The last time I was here, I made a statement to the Afghan press and television, about our concern about civilian casualties and that our rules of engagement were being changed and being toughened up, to make it less likely that there would be civilian casualties.  I think there is importance in partnering, with the Afghan security forces, so that they are with us when there are operations.   


                So I think that this -- it is a concern.  And it has been a concern for quite some time frankly.  And it doesn't matter that it's part of the Taliban's strategy.  It's what matters in the eyes of the Afghan people.  And so it's so important for us to be seen as their partner and their ally, not as somebody who has come to do them harm.   


                We are here to help the Afghan people.  That partnership, that friendship is absolutely critical to the success of Afghans and our own success here.  And so I think we have to continue to work at this problem.  And even if the Taliban create these casualties or exploit them, we need to figure out a way to minimize them and hopefully make them go away.   


                In terms of the election security, there will be a number of election monitors from around the world.  A number of the coalition partners will be sending additional troops here, to try and provide security for the election.   


                One of the reasons that we are bringing forces into the country, as quickly as possible, from the United States, which is part of the logistical issue, is to provide security, before the elections take place, in the period before and during the elections.    


                So I think that as best I can tell, the circumstances right now seem quite favorable for a reasonably safe and secure election process here in Afghanistan.  We look forward to seeing that go forward.   


                (Cross talk.)   


                Q     Secretary Gates, Chris Lawrence of CNN.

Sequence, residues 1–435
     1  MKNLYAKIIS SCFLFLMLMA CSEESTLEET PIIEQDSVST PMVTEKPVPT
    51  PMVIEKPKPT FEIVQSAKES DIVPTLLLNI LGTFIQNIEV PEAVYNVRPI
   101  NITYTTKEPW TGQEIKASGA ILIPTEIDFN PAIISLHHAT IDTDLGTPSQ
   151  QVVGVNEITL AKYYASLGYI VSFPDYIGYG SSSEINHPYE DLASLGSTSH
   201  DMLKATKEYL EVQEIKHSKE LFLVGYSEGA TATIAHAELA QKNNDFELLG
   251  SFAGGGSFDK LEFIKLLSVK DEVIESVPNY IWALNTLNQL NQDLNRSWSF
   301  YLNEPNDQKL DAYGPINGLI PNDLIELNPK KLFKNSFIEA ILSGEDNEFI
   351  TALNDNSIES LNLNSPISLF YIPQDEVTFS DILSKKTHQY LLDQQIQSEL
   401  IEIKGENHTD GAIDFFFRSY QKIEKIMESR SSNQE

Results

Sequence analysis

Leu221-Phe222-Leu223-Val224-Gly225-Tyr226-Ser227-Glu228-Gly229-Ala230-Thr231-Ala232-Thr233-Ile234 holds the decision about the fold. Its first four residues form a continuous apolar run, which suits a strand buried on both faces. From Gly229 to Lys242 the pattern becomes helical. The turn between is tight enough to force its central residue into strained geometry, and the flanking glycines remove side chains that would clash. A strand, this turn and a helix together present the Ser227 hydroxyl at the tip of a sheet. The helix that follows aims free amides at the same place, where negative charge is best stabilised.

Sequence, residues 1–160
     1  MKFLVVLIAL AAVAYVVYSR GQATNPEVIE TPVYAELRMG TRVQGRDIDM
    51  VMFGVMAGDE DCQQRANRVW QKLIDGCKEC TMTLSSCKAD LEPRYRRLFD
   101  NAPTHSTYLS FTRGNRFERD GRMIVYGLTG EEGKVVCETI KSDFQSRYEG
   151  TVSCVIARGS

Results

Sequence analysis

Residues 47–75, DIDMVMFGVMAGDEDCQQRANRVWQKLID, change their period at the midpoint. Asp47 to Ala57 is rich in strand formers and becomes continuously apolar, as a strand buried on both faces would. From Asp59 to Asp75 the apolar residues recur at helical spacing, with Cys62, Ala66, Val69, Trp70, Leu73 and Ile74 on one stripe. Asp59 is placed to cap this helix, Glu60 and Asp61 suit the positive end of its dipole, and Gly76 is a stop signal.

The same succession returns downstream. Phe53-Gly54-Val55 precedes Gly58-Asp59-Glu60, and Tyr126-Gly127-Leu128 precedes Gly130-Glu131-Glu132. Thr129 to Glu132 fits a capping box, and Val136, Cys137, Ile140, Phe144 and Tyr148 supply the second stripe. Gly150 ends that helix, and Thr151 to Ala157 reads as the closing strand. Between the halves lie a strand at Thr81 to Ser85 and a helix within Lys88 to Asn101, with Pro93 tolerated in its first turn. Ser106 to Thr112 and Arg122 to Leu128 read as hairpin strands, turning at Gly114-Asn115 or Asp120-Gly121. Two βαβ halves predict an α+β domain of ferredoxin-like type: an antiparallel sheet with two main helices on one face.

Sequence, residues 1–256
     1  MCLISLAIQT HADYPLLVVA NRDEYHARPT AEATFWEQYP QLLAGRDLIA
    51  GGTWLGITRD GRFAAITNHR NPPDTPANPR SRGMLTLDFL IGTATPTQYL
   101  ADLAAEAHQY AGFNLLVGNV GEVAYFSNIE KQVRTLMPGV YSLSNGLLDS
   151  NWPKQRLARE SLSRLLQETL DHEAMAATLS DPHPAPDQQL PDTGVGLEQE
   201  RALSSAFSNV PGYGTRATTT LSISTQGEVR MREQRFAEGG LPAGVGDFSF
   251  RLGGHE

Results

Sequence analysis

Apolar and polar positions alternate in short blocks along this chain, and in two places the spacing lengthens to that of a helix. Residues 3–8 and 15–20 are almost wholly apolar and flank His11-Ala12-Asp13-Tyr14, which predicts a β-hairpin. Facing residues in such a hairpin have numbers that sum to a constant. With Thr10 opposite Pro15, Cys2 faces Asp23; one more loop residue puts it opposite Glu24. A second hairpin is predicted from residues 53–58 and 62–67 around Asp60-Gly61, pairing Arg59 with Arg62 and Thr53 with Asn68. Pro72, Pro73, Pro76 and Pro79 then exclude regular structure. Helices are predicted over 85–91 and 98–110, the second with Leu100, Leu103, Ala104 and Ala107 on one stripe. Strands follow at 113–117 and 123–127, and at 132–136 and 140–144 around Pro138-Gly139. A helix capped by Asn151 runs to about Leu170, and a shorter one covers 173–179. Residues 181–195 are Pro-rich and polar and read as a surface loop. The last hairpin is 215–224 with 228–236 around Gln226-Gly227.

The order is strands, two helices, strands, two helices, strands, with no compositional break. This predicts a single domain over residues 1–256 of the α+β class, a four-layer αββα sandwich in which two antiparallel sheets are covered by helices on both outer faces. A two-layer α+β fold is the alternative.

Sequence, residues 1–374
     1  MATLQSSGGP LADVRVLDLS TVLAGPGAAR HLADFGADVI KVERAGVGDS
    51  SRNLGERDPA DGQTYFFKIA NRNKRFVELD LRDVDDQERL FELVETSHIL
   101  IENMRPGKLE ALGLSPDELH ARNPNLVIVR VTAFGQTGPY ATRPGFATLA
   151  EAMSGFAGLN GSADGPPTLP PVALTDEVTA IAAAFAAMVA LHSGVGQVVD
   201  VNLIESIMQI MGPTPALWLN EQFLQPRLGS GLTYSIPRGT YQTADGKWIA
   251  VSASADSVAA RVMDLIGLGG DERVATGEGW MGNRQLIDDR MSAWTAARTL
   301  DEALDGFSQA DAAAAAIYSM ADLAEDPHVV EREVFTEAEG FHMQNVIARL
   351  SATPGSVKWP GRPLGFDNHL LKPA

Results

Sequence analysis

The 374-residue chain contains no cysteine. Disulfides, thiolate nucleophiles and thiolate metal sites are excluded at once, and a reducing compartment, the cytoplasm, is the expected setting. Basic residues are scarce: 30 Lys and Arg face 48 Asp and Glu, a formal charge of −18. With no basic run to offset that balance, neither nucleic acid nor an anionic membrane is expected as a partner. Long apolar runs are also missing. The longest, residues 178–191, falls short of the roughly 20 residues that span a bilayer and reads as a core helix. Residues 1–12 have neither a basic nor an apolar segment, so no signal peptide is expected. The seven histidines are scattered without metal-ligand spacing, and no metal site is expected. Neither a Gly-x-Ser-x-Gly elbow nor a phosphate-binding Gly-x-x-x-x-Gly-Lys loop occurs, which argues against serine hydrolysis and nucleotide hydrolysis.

You had a chance to speak with a lot of your counternarcotics experts here in Afghanistan.  After speaking with them today and seeing some of the work that they're doing, do you feel that the U.S. mission now is to stamp out the narcotics trade in Afghanistan quickly or to allow some drug trafficking to continue, while the Afghans wean themselves off of that?   


                SEC. GATES:  Well, we have no desire to see the drug traffic continue, and frankly, neither do most Afghans.  Our primary purpose here is not to stamp out the drug trade.  Our primary purpose here is to make sure that Afghanistan does never again become a haven, a safe haven, for violent extremists who would attack the United States or anybody else.  That's our fundamental mission.   


                We're also here to help the Afghan people.  Afghanistan, until 20 or 30 years ago, 30 years ago or so, was a breadbasket.   


                It not only grew enough food to feed itself but to export food.   


                We would like to see that kind of agricultural success return to Afghanistan.  The farmers of Afghanistan will not find that kind of prosperity and that kind of diverse economic success through growing poppies.  You can't feed poppies to your family.  You can't feed poppies to your herd.  When you grow poppies, you have only one customer, and he does not negotiate.  And so it's actually in the best interests of the Afghan people to stamp out this trade. 


                The reality is, in many of the provinces of Afghanistan, good governors and the Afghan people have stamped out the narcotics trade in those provinces.  And most -- in fact, perhaps 95 percent -- of all of the poppy growing in Afghanistan now is in something like seven provinces, most of them in the south, where the Taliban are most prevalent and the most powerful.  So I think that the key to stamping out the narcotics trade in Afghanistan, to begin with, is to defeat the Taliban. 


                STAFF:  We'll take one last question.  (Cross talk.)  Ariana Television.  (Cross talk.) 


                Q     Everyone should have a chance. 


                STAFF:  We don't have time.  I'm sorry.   


                Q     (Inaudible.)   


                STAFF:  Everybody can benefit from these answers. 


                Q     (In one of the local languages.) 


                SEC. GATES:  I'm sorry.  There was interference and I didn't -- what is closing in a week? 


                INTERPRETER:  Sir, updating you on that question, the question was as to the parliament of Afghanistan issue a decree.  One that gives the coalition forces, international force in Afghanistan to legalize their activity.  Otherwise, in one week they will close parliament by itself.  And what is your assessment or reaction? Because -- (inaudible) --  


                (Cross talk.)  Yes, sir.  That's the question.  Is -- 


                SEC. GATES:  The first that I've heard of it, and I would prefer not to answer without knowing the background and having some understanding. 


                Q     One question. 


                Q     One more question -- 


                STAFF:  Sorry.  We're out of time.  


                Q     Last question.  (Cross talk.)  Last question, sir.